Australia’s working holiday maker program: an assessment of its impacts on the Australian economy
Yan Tan, Flinders University
Laurence H Lester, National Institute of Labour Studies, Flinders University
Sue Richardson, Flinders University
Lulu Sun, Flinders University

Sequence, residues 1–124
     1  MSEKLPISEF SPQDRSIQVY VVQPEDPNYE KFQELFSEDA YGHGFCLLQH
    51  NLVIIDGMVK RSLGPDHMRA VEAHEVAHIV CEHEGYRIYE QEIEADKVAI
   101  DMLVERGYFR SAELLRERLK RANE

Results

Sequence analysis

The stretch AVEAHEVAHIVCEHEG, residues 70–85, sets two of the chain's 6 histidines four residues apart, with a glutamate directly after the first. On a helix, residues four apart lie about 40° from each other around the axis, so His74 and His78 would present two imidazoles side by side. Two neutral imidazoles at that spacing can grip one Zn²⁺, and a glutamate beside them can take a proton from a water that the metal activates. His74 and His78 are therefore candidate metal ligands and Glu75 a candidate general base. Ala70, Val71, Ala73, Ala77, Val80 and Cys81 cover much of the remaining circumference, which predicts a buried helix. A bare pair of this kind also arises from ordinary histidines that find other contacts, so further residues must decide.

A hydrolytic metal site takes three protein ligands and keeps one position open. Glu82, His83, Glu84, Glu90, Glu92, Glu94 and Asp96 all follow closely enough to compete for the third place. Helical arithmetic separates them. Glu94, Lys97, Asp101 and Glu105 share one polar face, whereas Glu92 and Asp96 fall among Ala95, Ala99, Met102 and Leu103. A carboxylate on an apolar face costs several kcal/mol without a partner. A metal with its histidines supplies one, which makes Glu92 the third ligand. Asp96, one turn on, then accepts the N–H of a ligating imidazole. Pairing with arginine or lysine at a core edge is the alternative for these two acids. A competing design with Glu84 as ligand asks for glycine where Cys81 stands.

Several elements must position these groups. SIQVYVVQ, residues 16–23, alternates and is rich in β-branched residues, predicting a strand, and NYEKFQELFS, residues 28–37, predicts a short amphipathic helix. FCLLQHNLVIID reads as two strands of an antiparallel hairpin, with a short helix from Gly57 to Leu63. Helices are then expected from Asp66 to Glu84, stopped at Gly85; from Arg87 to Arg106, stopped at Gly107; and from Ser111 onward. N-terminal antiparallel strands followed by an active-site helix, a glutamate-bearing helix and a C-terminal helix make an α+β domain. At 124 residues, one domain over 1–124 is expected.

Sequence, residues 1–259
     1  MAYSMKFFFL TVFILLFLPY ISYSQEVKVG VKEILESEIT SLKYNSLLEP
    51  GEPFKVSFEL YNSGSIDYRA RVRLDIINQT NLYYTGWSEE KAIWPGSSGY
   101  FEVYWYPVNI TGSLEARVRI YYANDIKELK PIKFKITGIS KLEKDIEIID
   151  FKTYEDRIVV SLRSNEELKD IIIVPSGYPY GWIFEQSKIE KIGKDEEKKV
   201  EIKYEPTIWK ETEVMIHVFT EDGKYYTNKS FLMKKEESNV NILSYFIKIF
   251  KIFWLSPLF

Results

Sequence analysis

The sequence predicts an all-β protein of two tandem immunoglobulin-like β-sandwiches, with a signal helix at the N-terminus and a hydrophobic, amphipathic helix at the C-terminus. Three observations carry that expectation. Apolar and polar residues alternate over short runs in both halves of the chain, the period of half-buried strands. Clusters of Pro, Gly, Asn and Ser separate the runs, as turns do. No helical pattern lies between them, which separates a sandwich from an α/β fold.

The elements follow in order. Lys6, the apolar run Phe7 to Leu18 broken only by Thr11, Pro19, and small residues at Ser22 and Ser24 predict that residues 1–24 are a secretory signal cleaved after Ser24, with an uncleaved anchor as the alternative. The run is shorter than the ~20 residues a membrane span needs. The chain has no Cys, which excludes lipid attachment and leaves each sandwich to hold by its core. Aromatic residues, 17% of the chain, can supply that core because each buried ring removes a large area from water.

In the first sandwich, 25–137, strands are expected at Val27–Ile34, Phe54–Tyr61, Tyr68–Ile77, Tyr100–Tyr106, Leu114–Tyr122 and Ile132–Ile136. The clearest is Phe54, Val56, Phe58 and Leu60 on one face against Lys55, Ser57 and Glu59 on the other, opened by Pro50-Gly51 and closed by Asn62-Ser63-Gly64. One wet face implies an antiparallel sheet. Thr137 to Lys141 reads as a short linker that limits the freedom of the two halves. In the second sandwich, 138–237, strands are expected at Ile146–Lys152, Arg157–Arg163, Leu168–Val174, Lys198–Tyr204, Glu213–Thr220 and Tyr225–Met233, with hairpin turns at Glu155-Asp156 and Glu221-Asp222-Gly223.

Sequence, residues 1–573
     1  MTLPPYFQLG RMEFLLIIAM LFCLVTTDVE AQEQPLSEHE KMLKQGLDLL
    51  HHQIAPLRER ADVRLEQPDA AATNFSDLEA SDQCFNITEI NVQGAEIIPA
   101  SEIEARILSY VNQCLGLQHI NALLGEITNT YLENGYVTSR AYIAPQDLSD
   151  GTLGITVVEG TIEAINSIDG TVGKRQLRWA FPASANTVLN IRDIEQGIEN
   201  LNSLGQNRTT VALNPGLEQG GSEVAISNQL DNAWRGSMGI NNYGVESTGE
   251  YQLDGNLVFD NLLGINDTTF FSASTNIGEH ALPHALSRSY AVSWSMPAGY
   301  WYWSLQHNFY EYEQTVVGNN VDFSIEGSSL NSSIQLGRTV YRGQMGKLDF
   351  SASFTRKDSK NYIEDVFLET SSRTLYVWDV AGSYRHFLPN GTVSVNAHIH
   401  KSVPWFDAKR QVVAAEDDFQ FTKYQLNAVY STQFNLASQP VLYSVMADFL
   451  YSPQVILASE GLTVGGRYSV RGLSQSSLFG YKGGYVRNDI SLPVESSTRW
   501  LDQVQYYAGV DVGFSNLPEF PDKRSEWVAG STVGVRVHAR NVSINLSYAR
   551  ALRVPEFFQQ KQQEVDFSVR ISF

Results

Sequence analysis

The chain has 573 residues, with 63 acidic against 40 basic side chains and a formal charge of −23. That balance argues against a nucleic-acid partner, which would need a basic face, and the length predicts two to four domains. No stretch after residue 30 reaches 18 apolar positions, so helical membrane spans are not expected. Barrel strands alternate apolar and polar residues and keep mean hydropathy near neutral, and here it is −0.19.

Working Holiday Makers (WHMs) (individuals 18-30 years) are important contributors to the Australian workforce, as well as agents of social and cultural change. It is likely that they differ significantly from other migrants. While the WHM program’s objective is social, WHMs have three major economic effects on Australia: they contribute to the tourism industry; they contribute towards macroeconomic demand for labour and the current account surplus; and the program supports the microeconomic labour market as a source of temporary or casual supplementary labour. There is, however, scant empirical research into impact of the WHM program—while it is thought that the program is beneficial, it is possible that it detracts from the local economy by increasing competition in labour markets, aggravates the difficulty of Australians (especially youth) in getting jobs, and displaces Australian workers. Using the large-scale 2008 WHM Survey data, this study applies econometric modelling to examine these issues.